Increasingly sophisticated ad fraudsters continue to wreak havoc, to the likely tune of $7.2 billion this year. Yes, you read that right.
With all the recent press about digital ad fraud, we’d expect that by now enough changes would have been made in the industry that we’d start to see the bloodshed taper off.
“Online ad fraud driven by bots will cost brands $7.2 billion globally this year, according to a forecast in a new joint study by the Association of National Advertisers and White Ops,” Heine explains. “That’s up from the $6.3 billion the two organizations predicted in a similar report for 2015.”
“The level of criminal, non-human traffic literally robbing marketers’ brand-building investments is a travesty,” writes Bob Liodice, ANA president and CEO in a statement. “It also underscores the need for the entire marketing ecosystem to manage their media investments with far greater discipline and control against a backdrop of increasingly sophisticated fraudsters.”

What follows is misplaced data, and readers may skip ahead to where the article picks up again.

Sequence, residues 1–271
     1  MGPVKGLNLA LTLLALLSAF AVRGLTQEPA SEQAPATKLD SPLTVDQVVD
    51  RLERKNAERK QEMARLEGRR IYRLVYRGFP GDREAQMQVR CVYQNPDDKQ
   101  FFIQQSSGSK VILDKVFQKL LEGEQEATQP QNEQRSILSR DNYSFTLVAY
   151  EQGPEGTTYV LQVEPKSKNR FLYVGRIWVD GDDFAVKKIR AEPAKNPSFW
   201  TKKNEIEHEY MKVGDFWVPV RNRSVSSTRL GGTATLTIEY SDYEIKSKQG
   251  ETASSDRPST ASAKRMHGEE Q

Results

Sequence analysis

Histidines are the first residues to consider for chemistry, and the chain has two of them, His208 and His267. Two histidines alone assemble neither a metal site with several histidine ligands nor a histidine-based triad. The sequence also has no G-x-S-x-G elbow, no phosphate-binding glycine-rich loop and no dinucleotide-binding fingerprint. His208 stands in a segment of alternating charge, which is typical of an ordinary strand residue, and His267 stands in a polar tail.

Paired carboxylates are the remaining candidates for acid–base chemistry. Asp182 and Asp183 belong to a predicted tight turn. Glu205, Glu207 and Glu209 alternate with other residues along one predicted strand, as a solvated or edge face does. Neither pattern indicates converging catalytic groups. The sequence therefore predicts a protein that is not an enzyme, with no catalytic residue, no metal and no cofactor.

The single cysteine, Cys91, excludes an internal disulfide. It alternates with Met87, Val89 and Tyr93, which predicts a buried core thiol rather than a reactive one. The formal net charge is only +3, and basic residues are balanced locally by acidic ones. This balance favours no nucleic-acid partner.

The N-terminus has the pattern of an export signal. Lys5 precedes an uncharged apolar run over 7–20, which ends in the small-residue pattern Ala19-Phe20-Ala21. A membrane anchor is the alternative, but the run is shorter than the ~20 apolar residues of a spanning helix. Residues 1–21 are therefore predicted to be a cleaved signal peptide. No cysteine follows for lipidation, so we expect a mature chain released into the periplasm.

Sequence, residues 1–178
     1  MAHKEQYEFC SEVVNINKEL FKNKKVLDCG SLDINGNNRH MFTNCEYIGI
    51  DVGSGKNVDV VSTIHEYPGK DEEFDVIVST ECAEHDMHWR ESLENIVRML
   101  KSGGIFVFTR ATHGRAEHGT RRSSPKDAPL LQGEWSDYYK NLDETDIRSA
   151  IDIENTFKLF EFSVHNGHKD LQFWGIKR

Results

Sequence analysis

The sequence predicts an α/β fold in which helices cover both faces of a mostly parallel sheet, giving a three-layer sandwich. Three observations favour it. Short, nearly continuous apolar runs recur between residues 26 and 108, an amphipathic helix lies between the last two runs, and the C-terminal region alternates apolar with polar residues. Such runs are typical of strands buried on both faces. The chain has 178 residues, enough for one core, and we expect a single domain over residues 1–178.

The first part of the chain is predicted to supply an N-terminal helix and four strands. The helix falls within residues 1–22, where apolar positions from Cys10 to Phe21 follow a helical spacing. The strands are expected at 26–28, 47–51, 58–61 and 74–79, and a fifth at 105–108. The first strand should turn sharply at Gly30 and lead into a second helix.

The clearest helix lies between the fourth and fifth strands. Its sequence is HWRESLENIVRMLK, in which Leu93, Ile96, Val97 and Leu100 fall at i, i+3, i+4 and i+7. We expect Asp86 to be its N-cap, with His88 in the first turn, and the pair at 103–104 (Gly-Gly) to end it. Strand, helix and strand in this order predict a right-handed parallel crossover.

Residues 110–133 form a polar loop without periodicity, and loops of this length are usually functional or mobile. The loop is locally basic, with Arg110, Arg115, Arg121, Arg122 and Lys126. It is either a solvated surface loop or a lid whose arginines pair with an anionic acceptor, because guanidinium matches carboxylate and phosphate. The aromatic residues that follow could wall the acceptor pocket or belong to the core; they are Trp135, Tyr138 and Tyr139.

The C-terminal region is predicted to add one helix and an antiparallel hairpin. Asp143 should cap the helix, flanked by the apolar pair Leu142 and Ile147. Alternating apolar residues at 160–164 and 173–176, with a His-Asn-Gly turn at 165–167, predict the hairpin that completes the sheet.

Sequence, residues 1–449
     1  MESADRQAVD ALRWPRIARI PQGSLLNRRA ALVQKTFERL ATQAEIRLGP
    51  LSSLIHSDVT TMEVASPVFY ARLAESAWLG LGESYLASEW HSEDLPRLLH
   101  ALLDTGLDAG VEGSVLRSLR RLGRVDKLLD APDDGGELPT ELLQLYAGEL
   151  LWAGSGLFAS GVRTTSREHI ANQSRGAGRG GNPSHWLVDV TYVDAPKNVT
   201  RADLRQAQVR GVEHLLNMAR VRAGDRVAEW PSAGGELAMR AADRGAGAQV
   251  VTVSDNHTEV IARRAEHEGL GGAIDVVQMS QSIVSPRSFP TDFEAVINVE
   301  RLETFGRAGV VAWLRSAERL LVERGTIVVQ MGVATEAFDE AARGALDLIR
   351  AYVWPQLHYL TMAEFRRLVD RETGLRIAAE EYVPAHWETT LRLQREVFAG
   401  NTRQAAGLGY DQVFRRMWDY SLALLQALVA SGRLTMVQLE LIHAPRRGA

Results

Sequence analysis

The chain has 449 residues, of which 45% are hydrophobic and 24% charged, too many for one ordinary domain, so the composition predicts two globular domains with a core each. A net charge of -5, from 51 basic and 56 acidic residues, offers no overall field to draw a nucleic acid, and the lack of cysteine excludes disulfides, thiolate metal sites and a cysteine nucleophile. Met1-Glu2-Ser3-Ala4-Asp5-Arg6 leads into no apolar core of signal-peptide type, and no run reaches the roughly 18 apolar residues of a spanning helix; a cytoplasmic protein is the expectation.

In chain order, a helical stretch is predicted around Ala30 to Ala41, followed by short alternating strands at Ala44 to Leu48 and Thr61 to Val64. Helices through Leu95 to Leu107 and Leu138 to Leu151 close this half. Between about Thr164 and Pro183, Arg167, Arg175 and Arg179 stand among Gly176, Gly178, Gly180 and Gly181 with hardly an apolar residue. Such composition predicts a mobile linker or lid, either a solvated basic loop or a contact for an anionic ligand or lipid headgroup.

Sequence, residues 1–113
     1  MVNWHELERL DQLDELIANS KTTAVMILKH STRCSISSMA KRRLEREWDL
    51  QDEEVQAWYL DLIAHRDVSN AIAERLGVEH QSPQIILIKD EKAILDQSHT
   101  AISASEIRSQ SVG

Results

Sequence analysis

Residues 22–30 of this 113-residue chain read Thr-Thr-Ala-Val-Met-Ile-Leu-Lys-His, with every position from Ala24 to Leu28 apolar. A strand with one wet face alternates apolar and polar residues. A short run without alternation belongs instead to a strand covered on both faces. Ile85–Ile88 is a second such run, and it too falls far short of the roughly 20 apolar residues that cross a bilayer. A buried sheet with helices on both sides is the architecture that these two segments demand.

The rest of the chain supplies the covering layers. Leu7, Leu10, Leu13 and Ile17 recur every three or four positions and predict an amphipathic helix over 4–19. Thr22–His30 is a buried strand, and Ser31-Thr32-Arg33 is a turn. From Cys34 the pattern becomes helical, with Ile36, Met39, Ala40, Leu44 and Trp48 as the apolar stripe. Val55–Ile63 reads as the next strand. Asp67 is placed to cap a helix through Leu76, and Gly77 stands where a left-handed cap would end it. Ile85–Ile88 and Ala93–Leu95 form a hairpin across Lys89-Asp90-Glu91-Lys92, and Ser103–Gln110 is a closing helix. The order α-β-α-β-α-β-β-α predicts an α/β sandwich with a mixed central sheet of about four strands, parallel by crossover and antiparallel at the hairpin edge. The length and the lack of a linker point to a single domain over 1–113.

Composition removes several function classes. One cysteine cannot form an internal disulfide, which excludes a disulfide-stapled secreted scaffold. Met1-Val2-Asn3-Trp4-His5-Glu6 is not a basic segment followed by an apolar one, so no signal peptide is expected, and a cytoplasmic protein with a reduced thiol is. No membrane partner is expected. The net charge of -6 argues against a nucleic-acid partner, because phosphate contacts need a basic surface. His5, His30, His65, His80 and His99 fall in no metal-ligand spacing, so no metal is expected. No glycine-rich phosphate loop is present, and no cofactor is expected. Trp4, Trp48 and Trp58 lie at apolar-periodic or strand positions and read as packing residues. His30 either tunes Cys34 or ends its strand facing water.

Discipline and control are two things that marketers have been willing to abdicate as programmatic ad buys and other technology have pushed out more labor intensive types of ad buys. Unfortunately this has left the door wide open for fraud, and it has reached hugely criminal proportions.
The industry has begun talking about possible solutions to ad fraud, with some publishers taking on the digital ad nightmare by recognizing the value of quality over quantity. It’s a necessary move, and one that takes a lot of education for CMOs who have been obsessing over clicks as their KPIs.
Talk is one thing; action is another. The only way to combat this effectively is to rethink everything we thought we knew about digital advertising sales and placement. Tall order, for certain, and an awful lot of companies have a lot of money invested in keeping things as they are…even if it means settling for mind boggling levels of waste.
I wonder if we’ll still be writing about this a year from now…and how many more billions will be wasted in the meantime.